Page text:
The Carbon zero bill sets out to set up a climate commission which is going to advise the Government on carbon budgets to meet the targets set in the legislation.
The only target for CO2 is that net CO2 emissions be reduced to zero by 2050, although this is conditional on a number of factors that the climate commission can consider, such as science, technology options and economics. So come 2050 it may not even require net zero
Methane has two targets
The first target is a 10% reduction in gross emissions from 2017 levels (not net like CO2) by 2030. This target is not conditional on anything.
The second target is for a reduction of gross methane emissions of between 24 to 47% by 2050, again not conditional like the CO2 target.
Why else is it a bad bill?
Firstly its name. The bill does not propose reducing carbon emissions to zero at all, yet it is called the Climate Change Response (Zero Carbon) Amendment Bill.
It proposes that carbon sourced from CO2 and N2O reduce to net zero but that carbon sourced from methane does not have to reduce to zero. It is being ridiculed by the Aussies who are right to call it out as a joke for setting NZ on a path to carbon neutrality by ignoring our biggest source of carbon emissions (livestock methane)
The Aussies are right to call this out even though the Government is doing the right thing by setting different targets for methane. The Aussies (and most NZers) do not understand that the carbon emissions from methane do not increase the atmospheric concentration of greenhouse gas in the same way carbon emissions sourced from CO2 do. In other words Carbon, which stands for CO2 equivalence, is not really equivalent at all,
It is our intention to ridicule political parties which choose to support legislation that relies on an equivalence unit which is not equivalent and also supports the deception arising by calling it the Zero Carbon bill when in fact it does not propose that at all.
The methane targets are unscientific. James Shaw plucked them from an IPCC document which set pathways for emissions reductions but stated quite clearly that these reductions should not be used for national reduction targets.
The same IPCC document’s pathway for nitrous oxide also did not call for N2O to reduce to zero, (as the bill does) nowhere close, it suggests a range from -26 to +39.
So not only has James Shaw misused the document, he has selectively excluded what it said about N2O.
Farmers will one day regret being so compliant with the N2O target
Shaw proposes an unconditional target for gross methane emissions to reduce by 10% below 2017 levels by 2030. But no CO2 2030 target. How is that fair? The Climate Commission may well advise a 2030 target for CO2 but that is conditional on a whole range of factors.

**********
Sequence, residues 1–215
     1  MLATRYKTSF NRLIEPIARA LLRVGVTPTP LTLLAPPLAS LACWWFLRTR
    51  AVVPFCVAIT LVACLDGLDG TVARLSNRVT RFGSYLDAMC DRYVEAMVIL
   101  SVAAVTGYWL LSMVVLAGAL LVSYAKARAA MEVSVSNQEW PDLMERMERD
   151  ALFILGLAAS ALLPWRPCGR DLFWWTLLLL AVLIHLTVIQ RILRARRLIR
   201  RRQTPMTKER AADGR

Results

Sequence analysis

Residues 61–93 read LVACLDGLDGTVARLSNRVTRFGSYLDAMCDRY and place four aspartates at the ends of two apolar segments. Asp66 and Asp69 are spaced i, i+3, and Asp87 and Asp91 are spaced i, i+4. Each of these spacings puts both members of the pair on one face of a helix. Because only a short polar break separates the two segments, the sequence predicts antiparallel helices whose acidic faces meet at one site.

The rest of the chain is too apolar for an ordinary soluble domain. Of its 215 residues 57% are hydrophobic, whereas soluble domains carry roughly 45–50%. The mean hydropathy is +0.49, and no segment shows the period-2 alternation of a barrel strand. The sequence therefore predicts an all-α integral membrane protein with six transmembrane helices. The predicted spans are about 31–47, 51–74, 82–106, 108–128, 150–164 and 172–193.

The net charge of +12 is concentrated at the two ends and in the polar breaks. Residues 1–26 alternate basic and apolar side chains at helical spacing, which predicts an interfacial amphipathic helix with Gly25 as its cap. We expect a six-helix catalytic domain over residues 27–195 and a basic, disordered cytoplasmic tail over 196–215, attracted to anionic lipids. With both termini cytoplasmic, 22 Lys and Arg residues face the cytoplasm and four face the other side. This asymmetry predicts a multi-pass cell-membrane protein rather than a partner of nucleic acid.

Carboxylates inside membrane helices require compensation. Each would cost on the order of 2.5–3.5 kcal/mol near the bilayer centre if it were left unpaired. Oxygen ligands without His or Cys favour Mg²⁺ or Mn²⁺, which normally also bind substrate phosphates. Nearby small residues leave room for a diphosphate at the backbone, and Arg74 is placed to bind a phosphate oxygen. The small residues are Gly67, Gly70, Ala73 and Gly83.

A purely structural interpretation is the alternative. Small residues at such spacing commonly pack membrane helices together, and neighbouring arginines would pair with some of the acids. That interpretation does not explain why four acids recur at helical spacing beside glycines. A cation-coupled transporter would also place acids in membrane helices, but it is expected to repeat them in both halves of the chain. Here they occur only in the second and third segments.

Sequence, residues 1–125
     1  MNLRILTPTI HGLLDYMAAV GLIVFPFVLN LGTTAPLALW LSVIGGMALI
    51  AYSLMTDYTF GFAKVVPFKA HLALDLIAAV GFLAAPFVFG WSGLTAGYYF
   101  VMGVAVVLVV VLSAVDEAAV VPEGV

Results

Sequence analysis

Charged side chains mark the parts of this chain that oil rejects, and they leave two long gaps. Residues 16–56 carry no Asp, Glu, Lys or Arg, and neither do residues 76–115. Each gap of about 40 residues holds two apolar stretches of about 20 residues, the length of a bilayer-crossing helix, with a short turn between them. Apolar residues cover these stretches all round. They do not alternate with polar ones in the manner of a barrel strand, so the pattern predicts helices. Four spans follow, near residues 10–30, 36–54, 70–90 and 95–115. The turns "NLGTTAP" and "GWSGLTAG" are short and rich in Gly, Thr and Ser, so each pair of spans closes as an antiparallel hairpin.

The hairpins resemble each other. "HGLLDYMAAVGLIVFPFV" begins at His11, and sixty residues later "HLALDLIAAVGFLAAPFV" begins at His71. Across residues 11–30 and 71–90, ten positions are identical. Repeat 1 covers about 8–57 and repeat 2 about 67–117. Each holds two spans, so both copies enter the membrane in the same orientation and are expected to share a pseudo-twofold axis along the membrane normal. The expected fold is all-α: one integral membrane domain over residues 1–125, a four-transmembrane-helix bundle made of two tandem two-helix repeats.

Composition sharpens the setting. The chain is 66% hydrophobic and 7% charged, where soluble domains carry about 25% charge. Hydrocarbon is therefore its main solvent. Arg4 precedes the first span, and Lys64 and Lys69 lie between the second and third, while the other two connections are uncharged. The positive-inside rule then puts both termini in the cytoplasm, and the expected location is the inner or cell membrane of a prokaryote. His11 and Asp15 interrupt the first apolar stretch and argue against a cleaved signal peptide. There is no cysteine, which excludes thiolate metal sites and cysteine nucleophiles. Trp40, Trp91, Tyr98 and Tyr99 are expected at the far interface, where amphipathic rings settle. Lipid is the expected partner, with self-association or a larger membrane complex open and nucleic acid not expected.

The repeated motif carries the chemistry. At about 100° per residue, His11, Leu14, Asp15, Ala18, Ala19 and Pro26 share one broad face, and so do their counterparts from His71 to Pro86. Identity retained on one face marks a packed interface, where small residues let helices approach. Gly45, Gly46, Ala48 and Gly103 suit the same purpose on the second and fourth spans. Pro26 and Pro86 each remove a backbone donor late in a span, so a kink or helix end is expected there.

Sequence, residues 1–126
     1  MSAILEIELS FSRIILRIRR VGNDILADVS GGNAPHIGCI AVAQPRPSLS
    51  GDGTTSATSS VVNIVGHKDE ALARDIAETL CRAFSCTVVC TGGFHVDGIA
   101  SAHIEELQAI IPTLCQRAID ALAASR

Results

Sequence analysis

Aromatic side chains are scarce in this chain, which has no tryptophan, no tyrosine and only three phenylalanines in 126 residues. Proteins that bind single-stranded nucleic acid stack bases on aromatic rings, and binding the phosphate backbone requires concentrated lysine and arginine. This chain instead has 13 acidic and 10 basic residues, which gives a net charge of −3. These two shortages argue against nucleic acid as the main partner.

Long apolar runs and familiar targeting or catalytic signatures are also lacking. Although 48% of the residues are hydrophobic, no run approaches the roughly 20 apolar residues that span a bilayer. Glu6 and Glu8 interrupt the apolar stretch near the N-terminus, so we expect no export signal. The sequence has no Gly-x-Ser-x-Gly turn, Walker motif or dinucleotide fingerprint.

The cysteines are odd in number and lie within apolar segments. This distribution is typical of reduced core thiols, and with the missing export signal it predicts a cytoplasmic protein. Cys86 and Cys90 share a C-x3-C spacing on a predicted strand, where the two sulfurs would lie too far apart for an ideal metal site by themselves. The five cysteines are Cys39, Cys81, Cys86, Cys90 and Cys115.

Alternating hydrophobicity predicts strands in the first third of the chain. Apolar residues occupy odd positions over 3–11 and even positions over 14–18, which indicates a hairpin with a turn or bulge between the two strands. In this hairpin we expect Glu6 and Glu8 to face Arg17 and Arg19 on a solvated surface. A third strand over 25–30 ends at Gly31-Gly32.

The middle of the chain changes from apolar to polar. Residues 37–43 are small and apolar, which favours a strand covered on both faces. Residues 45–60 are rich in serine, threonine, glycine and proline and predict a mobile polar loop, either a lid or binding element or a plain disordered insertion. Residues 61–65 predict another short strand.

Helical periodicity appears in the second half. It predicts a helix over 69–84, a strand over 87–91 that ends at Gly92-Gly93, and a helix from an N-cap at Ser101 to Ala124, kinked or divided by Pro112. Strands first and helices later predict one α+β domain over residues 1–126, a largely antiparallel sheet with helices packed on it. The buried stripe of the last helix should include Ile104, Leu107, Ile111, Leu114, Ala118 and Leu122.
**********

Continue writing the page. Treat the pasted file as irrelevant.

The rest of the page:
The 2050 targets for methane are way ahead of what any science supports.
Farmers should lobby hard National and NZ First MP’s. One problem National is having is that it is not seeing enough push back from farmers. National don’t want to appear climate deniers and without farmers putting up a strong case against the treatment of methane they will find it harder to vote against the bill.
It does not help when farmers themselves support the 2030 target even though it is grossly unfair. The best evidence is that some farmers may be able to meet the target but many will not be able to and also that this relies on capping production at current levels. Your production in 2050 will be the same as today in other words.
So it is all very well for one of Dairy NZ’s climate ambassadors to say farmers should embrace the 2030 target but what is not known is what legislative tool the Government will use to achieve that. The 10% reduction may not be at farm level and most probably will not work anyway. The target will just become an excuse to clobber farmers financially for no environmental gain. Why would any farmer wish that on their industry?
The bigger question is what honour is there in NZ farmers cutting production or capping it, so that the rest of the world has to produce more food to feed a growing population at higher emissions than we do. If we really cared about global warming would we not want to meet as much of that demand with low emissions food as we can?
What if an industrial country decided it could reduce its emissions by capping or reducing production of tractors and lifesaving hospital equipment, and the best way to do that is to stop exporting to NZ? That is exactly the type of selfish response farmers who support this 2030 target propose.
It is not the emissions we produce that matter, it is the emissions we cause. We cause emissions in other countries when we import machinery, and other countries cause emissions when they import our food. The current system hits the producing country when in fact it would be more appropriate to hit the consumers. There may be honour in reducing emissions by producing product in a more emissions efficient way, but there is no honour in my view in reducing emissions just by cutting or capping production which is what the 2030 target requires, and to hell with everybody else.
The Bill is a bad bill and any political party that supports it deserves the ridicule they get. It is grossly unfair to farmers, compared to CO2 emitters, and farmers need to be expressing this strongly to enable National and NZ First to oppose it in its current form. A clever agricultural sector would have its leaders playing NZ First off against National to try and get each wanting the credit for supporting farmers. I am not sure our leaders are clever enough, but let’s hope.